The fact that information technology was itself having grave problems coping with the complexity of its work did not impede people from the almost as immature scientific community of management science to adopt many of the IT metaphors in vogue at the time. IT was sexy, it was cool. The exponents of the new community of automation experts were seen almost as supernatural beings.

The most important IT metaphor was dataflow modelling. Based on data modelling it tried to capture the many ways in which this data could be manipulated, moved and changed. So the intriguing observation could be made that management sessions to decide upon strategic issues were facilitated using IT techniques such as dataflow modelling!

Of course this was only whispered behind the back of executives.

For some reason or another this approach to business modelling is the approach taken by almost every company that provides services in this area. The terms used are “business processes”, “workflow management”, “use case driven”, etc. If we look at tools like Arena or Aris they basically offer facilities to model processes and flows. This is now re-emerging in all kinds of approaches like BPMN, BPEL etc.

In most cases these approaches are anything but object-oriented, and therefore they suffer from the same shortcomings as traditional modelling techniques in software engineering: models become too complex to manage, they are difficult to adapt to changing requirements, they are hard to communicate about with users and customers, etc.

My most important criticism is that these models are so badly suited for “active systems” that is systems that are able to reason about themselves, take initiative, are self-healing and can be delegated responsibilities to. This is amazing in itself, because these problems in software engineering were detected many years ago!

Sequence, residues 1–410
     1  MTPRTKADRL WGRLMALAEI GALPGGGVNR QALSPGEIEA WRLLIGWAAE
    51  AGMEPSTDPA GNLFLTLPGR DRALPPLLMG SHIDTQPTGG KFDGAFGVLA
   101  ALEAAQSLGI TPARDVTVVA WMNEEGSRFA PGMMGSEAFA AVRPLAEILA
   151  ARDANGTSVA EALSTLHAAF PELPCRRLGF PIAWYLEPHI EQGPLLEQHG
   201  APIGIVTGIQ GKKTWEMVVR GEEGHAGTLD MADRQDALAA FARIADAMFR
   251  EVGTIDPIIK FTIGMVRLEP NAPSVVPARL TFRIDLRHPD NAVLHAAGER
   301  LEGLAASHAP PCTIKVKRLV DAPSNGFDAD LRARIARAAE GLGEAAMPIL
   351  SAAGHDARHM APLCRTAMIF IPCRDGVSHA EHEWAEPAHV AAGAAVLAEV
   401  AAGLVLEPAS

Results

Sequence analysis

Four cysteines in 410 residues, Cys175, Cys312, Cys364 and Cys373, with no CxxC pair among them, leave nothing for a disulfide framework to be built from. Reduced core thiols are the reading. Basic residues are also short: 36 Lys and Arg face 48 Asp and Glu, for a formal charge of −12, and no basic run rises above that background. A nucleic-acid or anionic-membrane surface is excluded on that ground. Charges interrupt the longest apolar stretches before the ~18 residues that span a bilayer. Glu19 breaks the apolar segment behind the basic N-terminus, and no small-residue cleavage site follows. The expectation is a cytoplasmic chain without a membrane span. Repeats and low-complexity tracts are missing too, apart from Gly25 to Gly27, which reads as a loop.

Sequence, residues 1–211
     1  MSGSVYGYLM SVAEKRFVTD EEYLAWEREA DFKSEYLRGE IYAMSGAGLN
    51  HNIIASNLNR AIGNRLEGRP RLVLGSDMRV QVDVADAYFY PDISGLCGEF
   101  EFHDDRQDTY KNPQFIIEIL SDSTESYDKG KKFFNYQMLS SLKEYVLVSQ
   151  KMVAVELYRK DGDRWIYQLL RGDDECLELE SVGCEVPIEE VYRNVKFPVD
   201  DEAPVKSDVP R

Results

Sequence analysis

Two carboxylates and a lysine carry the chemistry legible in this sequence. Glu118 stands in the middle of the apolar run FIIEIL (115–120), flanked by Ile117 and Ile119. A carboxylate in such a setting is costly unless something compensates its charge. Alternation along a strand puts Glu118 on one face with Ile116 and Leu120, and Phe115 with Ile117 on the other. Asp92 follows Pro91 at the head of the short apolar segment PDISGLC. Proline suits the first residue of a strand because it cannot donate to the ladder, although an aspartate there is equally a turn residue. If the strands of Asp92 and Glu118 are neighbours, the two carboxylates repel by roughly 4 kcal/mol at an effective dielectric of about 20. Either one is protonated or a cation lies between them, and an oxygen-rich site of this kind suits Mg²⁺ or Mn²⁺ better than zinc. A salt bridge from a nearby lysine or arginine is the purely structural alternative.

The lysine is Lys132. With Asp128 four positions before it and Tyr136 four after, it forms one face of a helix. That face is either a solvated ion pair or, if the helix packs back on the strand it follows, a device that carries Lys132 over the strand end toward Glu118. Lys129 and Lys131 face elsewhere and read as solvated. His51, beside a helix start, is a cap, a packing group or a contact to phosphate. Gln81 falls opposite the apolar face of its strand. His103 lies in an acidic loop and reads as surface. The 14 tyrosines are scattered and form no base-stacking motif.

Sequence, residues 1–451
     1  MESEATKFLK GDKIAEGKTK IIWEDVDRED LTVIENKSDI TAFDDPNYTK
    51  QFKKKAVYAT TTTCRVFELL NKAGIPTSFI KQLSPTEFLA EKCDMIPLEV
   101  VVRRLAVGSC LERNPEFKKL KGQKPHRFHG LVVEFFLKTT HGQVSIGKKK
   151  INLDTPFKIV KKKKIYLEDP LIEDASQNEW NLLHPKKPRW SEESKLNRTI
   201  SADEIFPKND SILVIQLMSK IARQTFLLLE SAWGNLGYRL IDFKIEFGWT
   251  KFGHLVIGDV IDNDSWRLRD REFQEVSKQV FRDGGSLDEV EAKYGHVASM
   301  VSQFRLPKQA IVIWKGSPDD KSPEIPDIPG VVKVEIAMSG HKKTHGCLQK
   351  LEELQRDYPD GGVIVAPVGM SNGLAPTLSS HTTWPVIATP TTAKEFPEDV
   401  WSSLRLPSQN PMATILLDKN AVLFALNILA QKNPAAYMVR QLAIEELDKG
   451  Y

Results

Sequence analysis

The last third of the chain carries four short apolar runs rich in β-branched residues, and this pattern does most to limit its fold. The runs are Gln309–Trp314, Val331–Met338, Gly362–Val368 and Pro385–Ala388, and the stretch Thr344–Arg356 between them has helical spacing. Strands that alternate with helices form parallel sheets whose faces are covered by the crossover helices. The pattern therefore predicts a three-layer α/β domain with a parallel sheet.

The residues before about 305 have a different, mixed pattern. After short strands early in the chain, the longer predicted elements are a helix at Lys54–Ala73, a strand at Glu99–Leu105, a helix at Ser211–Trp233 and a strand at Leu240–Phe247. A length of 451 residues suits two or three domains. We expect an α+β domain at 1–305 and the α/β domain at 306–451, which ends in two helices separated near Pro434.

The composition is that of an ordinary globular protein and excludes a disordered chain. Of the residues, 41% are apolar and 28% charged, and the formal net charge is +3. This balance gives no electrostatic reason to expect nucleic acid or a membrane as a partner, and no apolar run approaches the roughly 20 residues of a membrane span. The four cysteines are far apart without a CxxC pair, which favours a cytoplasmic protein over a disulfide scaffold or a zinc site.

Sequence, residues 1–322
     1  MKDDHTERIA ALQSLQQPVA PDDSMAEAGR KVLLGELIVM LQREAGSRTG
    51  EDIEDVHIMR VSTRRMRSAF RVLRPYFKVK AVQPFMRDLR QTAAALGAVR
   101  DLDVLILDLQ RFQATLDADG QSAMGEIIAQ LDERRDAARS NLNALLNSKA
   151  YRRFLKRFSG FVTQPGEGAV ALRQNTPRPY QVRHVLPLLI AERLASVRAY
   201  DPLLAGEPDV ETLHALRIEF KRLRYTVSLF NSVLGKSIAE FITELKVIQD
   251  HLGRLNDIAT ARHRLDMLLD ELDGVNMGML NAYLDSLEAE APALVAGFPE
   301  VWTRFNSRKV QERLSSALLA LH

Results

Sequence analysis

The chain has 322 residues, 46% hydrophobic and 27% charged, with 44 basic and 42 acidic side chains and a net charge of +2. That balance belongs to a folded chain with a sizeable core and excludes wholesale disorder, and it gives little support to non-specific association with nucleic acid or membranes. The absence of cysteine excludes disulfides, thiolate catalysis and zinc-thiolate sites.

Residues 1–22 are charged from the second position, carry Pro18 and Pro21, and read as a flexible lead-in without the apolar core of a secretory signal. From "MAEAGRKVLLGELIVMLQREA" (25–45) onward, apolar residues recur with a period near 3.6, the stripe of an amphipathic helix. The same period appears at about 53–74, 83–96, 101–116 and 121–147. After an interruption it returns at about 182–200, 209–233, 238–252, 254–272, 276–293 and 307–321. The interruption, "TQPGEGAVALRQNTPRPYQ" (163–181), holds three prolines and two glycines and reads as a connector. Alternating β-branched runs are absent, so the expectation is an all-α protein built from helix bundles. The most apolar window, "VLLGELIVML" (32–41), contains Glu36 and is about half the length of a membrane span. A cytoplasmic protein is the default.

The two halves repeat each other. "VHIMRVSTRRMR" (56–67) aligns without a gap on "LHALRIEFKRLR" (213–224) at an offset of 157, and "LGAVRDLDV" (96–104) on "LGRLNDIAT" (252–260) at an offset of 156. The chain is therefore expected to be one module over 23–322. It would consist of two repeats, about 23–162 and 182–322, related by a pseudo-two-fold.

What’s even more amazing is that the proponents of these approaches use the very same problems to “sell” their approach and say that it in fact is “more flexible, business people understand it better” etc.! It is understandable however; the problem is not that the approach is “wrong”, but the problem, and one that is a bit hard to understand at first sight, is that it does not scale.

This makes it hard to see at first sight, because the examples you use to introduce the subject, cannot but be simple. And in simple models the process approach is simpler to understand than the object-oriented approach.
In fact object-orientation is not new: the first object-oriented software ran on an object-oriented operating system (something we still haven’t seen in the commercial field?) in the year 1972. This was the first Smalltalk system, in Xerox PARC. For an excellent article on the design principles behind this system, read http://www.cs.virginia.edu/~evans/cs655/readings/smalltalk.html

OK, so maybe we want to model businesses the object-oriented way. Fine. The question remains: why are so few doing this? We have seen many companies offering support for modelling, be it software modelling or other kinds of modelling, and mentioning object-orientation in some way or another. Of course it may be that they try to harvest from the hype surrounding object-orientation, although that is slowing down a bit recently, but I think that is not the only reason. Another reason may well be the fact that object-orientation is much more difficult than most people thought. In fact I have always said that OO is easy, that is aligns better with our “natural way of thinking”. However in the course of the past ten years I slowly had to accept the fact that people using OO in practice had many problems doing so in a successful manner.

I have coached development teams and given courses in OO to many hundreds of people, and have had to reluctantly admit to myself that only a small percentage of these students really grasped what I always considered to be the simple essence of OO and modelling. This “essence of OO” is an important enough subject on its own, so I will reserve an article for the subject. Here I will only summarise two of the most important aspects of “good” OO modelling, that is: (1) the active/passive rule, and (2) demand-chain processes.